The MacArthur Foundation has named its 2015 class of MacArthur Fellows, recognizing 24 exceptionally creative individuals with a track record of achievement and the potential for significant contributions in the future.
Fellows will each receive a no-strings-attached stipend of $625,000, paid out over five years. The Fellowship comes with no stipulations or reporting requirements, and allows recipients maximum freedom to follow their own creative visions.
One of the fellows is John Novembre, a computational biologist in the Department of Human Genetics at the University of Chicago, who is shedding new light on human evolutionary history, population structure and migration, and the etiology of genetic diseases.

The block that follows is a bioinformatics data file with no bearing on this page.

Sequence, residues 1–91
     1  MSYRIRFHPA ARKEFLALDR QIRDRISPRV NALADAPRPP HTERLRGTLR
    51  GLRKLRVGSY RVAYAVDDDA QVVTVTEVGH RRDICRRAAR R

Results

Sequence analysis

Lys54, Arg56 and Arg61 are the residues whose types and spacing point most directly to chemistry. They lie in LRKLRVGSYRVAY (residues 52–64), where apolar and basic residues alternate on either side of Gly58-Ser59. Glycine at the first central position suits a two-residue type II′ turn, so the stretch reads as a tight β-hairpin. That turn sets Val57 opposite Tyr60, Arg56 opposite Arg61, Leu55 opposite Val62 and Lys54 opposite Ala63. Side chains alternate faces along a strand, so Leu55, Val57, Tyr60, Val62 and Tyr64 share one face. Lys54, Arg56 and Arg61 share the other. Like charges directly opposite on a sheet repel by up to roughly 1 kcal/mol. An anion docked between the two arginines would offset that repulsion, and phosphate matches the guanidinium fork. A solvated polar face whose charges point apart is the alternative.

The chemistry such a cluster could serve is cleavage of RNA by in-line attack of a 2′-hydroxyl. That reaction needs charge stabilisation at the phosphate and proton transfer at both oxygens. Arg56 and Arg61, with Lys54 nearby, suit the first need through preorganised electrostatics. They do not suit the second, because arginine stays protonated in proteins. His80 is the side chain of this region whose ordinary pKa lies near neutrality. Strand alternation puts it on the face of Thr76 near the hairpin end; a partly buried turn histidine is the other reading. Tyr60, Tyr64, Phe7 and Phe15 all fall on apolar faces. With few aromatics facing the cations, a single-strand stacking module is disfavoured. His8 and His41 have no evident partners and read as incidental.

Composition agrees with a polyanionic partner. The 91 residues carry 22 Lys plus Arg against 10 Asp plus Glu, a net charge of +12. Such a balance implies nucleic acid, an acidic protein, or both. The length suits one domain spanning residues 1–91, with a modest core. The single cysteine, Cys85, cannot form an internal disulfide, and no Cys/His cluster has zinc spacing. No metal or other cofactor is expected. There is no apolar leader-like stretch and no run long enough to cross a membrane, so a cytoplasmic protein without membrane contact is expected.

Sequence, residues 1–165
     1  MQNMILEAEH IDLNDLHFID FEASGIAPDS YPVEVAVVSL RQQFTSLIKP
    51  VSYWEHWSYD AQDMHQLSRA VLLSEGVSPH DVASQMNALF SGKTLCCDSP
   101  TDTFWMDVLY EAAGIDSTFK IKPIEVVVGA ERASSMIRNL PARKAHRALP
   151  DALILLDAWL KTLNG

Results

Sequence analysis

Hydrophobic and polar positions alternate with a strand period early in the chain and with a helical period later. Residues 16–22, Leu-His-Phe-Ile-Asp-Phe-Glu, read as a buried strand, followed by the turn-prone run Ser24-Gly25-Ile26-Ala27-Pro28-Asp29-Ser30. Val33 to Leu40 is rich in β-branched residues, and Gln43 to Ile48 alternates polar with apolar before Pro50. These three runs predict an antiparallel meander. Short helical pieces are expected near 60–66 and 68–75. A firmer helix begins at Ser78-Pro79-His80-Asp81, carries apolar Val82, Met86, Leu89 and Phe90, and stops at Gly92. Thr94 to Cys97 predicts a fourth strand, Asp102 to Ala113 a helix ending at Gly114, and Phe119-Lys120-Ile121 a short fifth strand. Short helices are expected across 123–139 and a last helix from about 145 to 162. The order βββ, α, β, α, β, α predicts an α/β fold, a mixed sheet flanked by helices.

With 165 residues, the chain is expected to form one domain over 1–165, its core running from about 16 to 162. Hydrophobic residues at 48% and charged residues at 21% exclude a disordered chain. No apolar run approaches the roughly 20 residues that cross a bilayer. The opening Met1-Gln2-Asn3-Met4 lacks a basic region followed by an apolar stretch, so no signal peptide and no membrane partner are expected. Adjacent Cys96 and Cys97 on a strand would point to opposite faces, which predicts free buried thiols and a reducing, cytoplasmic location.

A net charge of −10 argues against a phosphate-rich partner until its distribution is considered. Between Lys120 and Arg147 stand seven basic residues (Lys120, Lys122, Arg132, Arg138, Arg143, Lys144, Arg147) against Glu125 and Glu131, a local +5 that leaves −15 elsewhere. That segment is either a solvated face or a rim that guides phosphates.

Another one of the fellows is Christopher Ré, a computer scientist in the Department of Computer Science at Stanford University, who is democratizing big data analytics through theoretical advances in statistics and logic and groundbreaking data-processing applications for solving practical problems. Ré has leveraged his training in databases and deep knowledge of machine learning to create an inference engine, DeepDive, that can analyze data of a kind and at a scale that is beyond the current capabilities of traditional databases.